This is the last part of a three-part series on visiting the ill or dying.
BURNABY—When six family members died within 18 months, Burnaby resident Jacqueline Merandi was devastated.
“For a long time, it was difficult for me to say I had six loved ones pass away,” said Merandi. Among those she lost in that short time were her mother and her father-in law.
Now 10 years past, Merandi has let those six personal tragedies lead her to her calling as a supporter and promoter of palliative and hospice care.
“We are all going to pass away. What we want for ourselves and our loved ones is to be met with compassionate care in palliative and hospice care.”
It worries her that only about 30 per cent of Canadians have access to that type of service. “If you’ve been able to witness it, as I have, you want to make sure it’s for anybody who needs it.”
Merandi’s father-in-law was cared for at St. Michael’s Hospice and that made a huge difference for him and for the grieving family. “It was my husband’s first time losing somebody. They guided us through each step we were going to take,” she said.
They were so compassionate.
“His family was scared. They didn’t know what to expect. (Hospice staff) showed us what to expect. They were so compassionate.”
After Merandi lost six loved ones and began the grieving process, she decided to volunteer at the Burnaby Hospice Society thrift store. She is now a society board member and its ambassador for improving the availability of end-of-life care.
“The nurses were not preparing my father-in-law to die, but to live until he was done,” said Merandi, who recently gave talks about palliative care at Holy Cross, Our Lady of Sorrows, St. Mary’s, and St. Helen’s parishes.
They managed his pain and symptoms, invited family to visit as often as they wished, and contacted the family anytime his situation changed. “We knew he would be taken care of.”
Fellow board member Gay Klietzke also sees her work as a personal calling. “I’ve always had an interest in death. I don’t know why but it always struck me as something I wanted to know more about and how people dealt with it.”
Klietzke immigrated from England and was running a family business with her husband in Kamloops when she heard about a training program for visiting the sick and dying. She signed up. “It really brought a peace to me and I started to realize that this was my calling.”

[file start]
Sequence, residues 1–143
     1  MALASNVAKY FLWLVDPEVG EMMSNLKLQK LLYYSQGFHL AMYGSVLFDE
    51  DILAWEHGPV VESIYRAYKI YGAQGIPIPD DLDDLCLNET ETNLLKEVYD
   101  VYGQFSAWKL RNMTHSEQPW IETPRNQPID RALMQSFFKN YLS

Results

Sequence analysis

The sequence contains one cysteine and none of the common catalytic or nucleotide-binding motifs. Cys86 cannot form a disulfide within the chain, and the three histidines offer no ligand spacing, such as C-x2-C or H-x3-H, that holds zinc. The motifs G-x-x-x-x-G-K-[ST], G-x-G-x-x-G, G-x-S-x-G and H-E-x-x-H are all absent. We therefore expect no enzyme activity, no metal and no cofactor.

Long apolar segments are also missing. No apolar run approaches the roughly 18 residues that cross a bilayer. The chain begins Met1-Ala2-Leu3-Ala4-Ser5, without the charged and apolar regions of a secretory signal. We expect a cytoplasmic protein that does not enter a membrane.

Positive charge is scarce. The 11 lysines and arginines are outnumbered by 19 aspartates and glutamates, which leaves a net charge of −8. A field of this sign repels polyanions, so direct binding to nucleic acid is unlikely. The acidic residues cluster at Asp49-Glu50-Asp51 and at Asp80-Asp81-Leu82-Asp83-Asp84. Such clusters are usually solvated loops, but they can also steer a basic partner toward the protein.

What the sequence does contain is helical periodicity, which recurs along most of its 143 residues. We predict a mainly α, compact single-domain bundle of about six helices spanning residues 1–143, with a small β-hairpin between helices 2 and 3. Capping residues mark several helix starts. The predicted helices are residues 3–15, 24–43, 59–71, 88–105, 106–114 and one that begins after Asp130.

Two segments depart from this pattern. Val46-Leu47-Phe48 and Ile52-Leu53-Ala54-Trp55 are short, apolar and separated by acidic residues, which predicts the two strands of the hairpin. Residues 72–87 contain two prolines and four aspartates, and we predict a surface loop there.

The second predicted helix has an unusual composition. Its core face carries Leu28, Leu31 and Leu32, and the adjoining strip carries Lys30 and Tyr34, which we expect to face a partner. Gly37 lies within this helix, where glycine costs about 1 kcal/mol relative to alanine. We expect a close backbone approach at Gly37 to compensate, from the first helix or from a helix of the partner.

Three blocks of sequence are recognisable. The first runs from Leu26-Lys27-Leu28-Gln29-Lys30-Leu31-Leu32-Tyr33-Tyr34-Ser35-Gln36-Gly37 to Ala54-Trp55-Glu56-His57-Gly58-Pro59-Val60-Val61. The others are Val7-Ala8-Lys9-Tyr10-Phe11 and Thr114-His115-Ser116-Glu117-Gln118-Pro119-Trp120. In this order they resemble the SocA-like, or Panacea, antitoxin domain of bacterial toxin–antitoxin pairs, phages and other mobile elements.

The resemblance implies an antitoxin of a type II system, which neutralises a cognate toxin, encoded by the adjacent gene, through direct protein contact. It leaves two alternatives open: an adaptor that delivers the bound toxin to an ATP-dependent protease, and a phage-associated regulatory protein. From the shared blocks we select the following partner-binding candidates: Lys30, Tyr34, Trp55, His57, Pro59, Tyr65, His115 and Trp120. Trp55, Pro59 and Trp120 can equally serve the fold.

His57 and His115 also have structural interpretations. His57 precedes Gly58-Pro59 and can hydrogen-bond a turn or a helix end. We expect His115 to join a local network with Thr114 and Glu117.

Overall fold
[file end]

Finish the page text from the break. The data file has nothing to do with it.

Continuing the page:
She then spent hours visiting the private homes (there were no hospices in the area) of neighbours on their deathbeds.
“That led to bigger things. I’m the kind of person who isn’t content to sit there!” She got a team together, started fundraising, and built two hospices in Kamloops. When she moved to the Lower Mainland, she built Vancouver Hospice, too.
It’s been my life’s work.
“Since then, we sold our business and it’s been my life’s work.”
Klietzke considers it a privilege to spend time with the dying. “They have this huge life without us and we come in the last few weeks. I feel so humbled I can share that moment with them.”
In the decades she’s worked in hospice care, Klietzke has seen many patients find emotional or spiritual healing at the ends of their lives.
“I’ve heard people say to me that in their last weeks, they did more living than they had done in their whole lives because they did all that reflecting and made amends” with family members.
In the Kamloops hospices, grieving First Nations family members can perform traditional rites. (At times, a deer or eagle will suddenly pass by the windows, which the family takes as a sign or blessing.)
“That’s what we strive for. Wherever you’re comfortable with and wherever you’re going to die, that’s up to you, but the hospital is not for you unless they have a palliative ward set up for that. You don’t want all these tubes and (announcements) on the intercom. You want to have peace and you want to reflect, and you certainly can’t do that in a hospital setting.”
The best volunteer is one who listens, added David Chapin, president of the Burnaby society’s board of directors. The former marketer started visiting the ill and dying as a volunteer 12 years ago.
Sometimes, there is sadness that can be so easily dealt with.
“Listening and allowing them to tell their story does two things. First, it helps them clarify very important things in their lives. Sometimes, there is sadness that can be so easily dealt with,” he said.
“The other important thing is sometimes it’s a rehearsal for what they want to tell their family. They want an opportunity to try out their life story on someone else.”
BHS teaches its volunteers to listen, hold a hand, serve a cup of tea, read a book aloud, and to simply be there for a person in their last days. They also help patients connect to counsellors, social workers, or spiritual guidance if they ask for it.
Chapin believes if more Canadians had access to hospice care, far fewer would advocate for physician-assisted suicide.
“Hospice is the antithesis of medical aid in dying. Why do people choose assisted suicide? Because they are afraid, because they can’t manage the pain, because they don’t want to burden their families,” he said.
“All those things, a hospice will take care of. You’re not a burden to your family because we’ll take care of you. You don’t have to be afraid of pain because our doctors can manage pain. You don’t have to suffer. It’s an alternative that should be available to everybody.”
Chapin still visits hospitals and hospices as a volunteer; currently, he spends some of his off hours at the intensive care unit at Burnaby Hospital. “We get way more out of this than what we give.”
LifeCanada has recently launched a program to build a network of volunteers trained to visit people in care homes and hospices. For more information about the Make Time for Life program, visit https://lifecollective.io/mtfl